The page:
“The ‘Curse of Neil’,” he added ominously, shaking his head. “It can’t just be coincidence.”
NB: One of my earliest ever thrifts. From the Goodwill in Mount Vernon, Ohio. Still sounds great.
Wither the live album? Time was when the live album wasn’t a mere souvenir, a wallet liner for some dinosaur’s mega-tour or superfluous bonus disc on an album’s deluxe CD edition, but a genuine re-imagining of an artist’s oeuvre in front of a concert audience. Such is the case with Mickey Newbury’s genial, solo acoustic Live At Montezuma Hall.
Perhaps slightly less eccentric musically than its follow-up, ‘Frisco Mabel Joy, Looks Like Rain is a likewise acoustic guitar-led slow-burn that shares with that record a thoughtfully burnished musical and world-weary coherence. In fact, another gem. Purchased yesterday from Demelza House in Hythe, this issue comes as a twofer alongside the live Lp.
Originally released by Mercury, the rights to Rain were picked up by Elektra who released two more studio Lps before appending it to the live collection–I don’t think Montezuma Hall is available on vinyl by itself.
This leaves me two-thirds of the way towards thrifting Newbury’s American Trilogy with just Heaven Help the Child to pick up. Go Asbo!
PAUL: Hi, Artie. We need to talk. I think we should stop making records together.
ARTIE: This is so sudden. Have you thought this through? Are you sure?
PAUL: I’m absolutely sure. Actually, I’m going to do a solo album.
ARTIE: (long pause) I understand. (another long pause) Have you decided on a title for your solo album?
PAUL: Yeah, it’s called There Goes Balding Paul-ding.
ARTIE: (yet another long pause) Hmmm.
PAUL: What, don’t you like?
ARTIE: It’s fine, but I was just thinking that maybe you should just call your first solo album simply Paul Simon, it makes a more definitive statement, that way you can save There Goes Balding Paul-ding for your second one.
News In Brief JONI MITCHELL INSPIRES LOCAL GIRL TO WRITE SELF-OBSESSED POETRY
(Columbus, Ohio) — Anna Gadd, 14, has been inspired to write solipsistic verse after listening to Joni Mitchell’s masterpiece Blue. The 1972 Lp, which features stark revelations about the Canadian singer-songwriter’s personal life, has galvanised the Clintonville teen into believing that she, too, should creatively dispense intimate secrets that really should be kept private. To that end, Gadd has begun posting her whiny, self-obsessed poetry on a blog called All About Me.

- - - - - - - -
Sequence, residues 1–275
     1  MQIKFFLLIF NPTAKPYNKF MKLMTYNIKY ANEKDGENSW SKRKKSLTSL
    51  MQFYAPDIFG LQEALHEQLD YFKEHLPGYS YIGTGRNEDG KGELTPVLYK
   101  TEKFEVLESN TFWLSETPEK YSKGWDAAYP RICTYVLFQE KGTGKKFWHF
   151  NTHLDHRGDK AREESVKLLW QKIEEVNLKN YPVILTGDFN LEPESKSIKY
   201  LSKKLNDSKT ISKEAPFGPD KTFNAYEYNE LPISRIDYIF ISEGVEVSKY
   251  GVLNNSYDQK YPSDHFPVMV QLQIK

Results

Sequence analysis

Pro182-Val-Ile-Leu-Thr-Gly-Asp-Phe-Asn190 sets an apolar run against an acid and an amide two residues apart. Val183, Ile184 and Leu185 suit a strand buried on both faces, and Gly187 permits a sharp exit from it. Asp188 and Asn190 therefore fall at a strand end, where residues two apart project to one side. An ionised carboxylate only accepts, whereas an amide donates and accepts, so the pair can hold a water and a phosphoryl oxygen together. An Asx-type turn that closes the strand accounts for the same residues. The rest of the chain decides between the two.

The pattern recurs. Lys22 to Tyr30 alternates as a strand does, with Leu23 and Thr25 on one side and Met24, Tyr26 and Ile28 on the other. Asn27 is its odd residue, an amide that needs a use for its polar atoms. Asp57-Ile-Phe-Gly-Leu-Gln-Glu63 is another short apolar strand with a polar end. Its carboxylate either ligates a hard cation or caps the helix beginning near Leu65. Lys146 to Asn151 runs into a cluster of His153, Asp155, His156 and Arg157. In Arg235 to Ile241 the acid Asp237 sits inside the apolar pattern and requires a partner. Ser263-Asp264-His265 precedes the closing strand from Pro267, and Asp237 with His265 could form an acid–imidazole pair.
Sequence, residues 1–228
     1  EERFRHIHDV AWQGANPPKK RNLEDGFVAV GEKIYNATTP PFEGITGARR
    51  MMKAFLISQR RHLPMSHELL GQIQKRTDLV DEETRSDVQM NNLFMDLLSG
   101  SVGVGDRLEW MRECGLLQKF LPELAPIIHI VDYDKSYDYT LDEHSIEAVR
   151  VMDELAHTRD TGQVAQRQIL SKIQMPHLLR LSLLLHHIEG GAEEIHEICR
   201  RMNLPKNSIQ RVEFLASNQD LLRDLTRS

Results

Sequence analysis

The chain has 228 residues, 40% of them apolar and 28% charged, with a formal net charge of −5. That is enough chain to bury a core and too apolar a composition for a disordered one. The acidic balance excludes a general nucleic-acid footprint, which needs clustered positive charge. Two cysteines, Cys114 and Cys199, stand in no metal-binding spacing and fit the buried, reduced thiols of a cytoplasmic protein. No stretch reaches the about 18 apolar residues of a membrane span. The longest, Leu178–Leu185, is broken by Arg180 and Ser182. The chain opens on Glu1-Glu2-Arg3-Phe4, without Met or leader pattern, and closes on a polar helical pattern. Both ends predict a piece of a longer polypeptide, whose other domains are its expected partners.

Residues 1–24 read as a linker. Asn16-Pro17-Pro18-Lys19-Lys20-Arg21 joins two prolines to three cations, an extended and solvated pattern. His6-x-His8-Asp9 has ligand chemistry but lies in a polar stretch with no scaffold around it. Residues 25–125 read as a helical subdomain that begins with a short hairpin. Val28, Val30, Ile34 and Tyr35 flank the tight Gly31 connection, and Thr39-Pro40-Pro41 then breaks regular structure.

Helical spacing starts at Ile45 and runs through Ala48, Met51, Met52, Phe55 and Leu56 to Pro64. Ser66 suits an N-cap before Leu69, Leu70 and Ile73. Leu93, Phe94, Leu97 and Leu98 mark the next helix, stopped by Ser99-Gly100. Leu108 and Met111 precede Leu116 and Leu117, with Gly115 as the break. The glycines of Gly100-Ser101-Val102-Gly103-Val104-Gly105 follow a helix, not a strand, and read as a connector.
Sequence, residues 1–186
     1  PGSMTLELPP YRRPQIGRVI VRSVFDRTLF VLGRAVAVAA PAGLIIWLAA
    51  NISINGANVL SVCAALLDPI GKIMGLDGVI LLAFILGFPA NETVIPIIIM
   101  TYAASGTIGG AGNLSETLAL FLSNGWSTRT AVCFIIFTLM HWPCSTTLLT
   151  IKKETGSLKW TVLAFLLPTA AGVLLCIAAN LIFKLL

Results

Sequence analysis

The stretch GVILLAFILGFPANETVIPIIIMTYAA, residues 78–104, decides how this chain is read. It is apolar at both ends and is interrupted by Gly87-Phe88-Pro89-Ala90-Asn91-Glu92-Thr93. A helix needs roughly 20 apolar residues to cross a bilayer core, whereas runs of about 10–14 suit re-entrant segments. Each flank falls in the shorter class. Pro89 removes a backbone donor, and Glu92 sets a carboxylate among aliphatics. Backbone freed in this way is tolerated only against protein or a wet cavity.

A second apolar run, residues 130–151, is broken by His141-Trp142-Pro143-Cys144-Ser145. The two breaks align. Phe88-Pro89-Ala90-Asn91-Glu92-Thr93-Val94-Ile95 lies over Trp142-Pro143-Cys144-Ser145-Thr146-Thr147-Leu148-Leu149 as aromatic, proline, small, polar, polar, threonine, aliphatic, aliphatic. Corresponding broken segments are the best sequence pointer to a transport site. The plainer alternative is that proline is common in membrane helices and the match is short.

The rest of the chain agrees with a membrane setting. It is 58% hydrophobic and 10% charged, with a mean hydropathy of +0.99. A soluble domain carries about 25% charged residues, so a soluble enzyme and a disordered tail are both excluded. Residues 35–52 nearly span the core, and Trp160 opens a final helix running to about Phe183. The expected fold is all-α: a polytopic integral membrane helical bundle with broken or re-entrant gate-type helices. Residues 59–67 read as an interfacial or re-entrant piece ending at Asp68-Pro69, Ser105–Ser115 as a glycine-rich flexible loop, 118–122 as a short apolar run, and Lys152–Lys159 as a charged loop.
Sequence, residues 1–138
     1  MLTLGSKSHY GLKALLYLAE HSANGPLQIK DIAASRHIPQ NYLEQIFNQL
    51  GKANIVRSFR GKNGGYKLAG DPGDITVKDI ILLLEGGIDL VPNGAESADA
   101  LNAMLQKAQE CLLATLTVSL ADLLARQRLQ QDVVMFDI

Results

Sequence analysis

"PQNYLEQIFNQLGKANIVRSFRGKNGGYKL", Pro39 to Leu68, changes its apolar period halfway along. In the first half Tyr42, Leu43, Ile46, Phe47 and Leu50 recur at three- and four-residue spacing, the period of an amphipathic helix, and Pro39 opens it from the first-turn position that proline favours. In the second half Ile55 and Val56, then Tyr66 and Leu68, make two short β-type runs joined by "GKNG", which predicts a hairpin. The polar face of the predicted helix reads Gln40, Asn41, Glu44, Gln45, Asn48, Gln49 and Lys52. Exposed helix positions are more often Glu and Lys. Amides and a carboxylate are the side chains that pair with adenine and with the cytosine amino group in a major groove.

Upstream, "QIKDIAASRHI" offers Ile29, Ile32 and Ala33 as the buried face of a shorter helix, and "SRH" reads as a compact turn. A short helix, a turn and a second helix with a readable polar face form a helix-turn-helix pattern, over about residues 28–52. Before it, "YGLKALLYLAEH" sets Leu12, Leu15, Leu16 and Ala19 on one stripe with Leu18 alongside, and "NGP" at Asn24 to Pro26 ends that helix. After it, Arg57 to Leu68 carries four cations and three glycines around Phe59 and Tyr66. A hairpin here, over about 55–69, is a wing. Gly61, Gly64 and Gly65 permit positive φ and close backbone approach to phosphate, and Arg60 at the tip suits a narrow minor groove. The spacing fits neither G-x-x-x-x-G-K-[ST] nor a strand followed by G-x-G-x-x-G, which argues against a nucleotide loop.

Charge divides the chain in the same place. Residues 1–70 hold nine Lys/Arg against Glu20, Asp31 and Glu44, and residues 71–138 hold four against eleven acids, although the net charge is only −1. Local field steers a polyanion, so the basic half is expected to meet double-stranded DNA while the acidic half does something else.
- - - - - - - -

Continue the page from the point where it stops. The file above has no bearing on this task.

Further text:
“If I learned anything from Blue,” Gadd shared, “it’s that people need to hear my private thoughts, fears and hopes.”
“And of course loads about my love life,” she winked.
Her first poem, “Why My Mom Is Such A Bitch”, has already received two likes. Gadd’s mother could not be reached for comment.
Editor’s note: Another of those records perpetually on Top 100 lists that has thus far failed to charm me. But it was only a pound at Cats’ Protection this afternoon and I figured maybe I’ve matured enough to get it by now. A first listen has so far not put me off.
This is the sort of album from which Jonny Trunk would glean one track (I nominate “Search Me”) as part of a good Wimpy Ass 70s English Folk Gospel compilation. In the case of a whole Cloud Lp, no matter how well-played and sung it is or how clever the arrangements are, the lyrics, which are obvious and seem entirely scriptural based, offer little insight into the writers’ interpretation of the Word and staid, a-little-too-pleased-with-themselves performances tender none of the ecstatic release often associated with the best gospel.
Free To Fly caught my eye by dint of its packaging. Good photographs, artfully arranged. Lovely water-colour cover. Lyric insert and more snaps inside. A lot of care went in to the production of this album.
I’d read that Dylan was a big fan of the man and “The Wreck of the Edmund Fitzgerald” was a huge, dramatic hit a few years later, at least in North America, that I really liked, so I thought it was just possible Back Here On Earth might be some sort of minor gem. Okay, strictly speaking, this isn’t Wimpy Ass 70s Folk Rock, but given two years it would have been, so that’s as near as dammit for Categorization purposes. And Geeze-Louise, how much more sensitive can one guy get? When not inhaling the scent of a just picked twig, or writing poetry in which the narrator “see[s him]self as a child”, Gordo is indulging in a finger-picking guitar style so delicate it recalls nothing so much as the beating of butterfly’s wings, or summat.By turns wistful and resigned, Lightfoot’s inoffensive, literate country-folk is observational and likeable; but without the surreality of the best folk, the kitchen-sink drama of proper country or pop’s enchanting hookiness. And so, after a while, his warm, mellow voice (which recalls the Byrds’ Gene Clark), the same-y arrangements for guitars and bass and too-consistent tempi remind the listener of the vapor trail left by a jet high in the sky, it intrigues for a short while before disappearing leaving little trace.
Of course, one of the pleasures of thrifting are the occasional personal artifacts one comes across stuffed inside the jacket. Reviews, doodles, ads and other ephemera have all been emptied from 12″ square vessels past. In this case, lifted from another tabletop sale at the Tayne Centre in the village, I hoped I’d discovered an original piece of heartfelt doggerel on the inner sleeve: but no, it turned out to be a painstaking lyrical transcription of one of the tunes on the album. Still, kinda cool.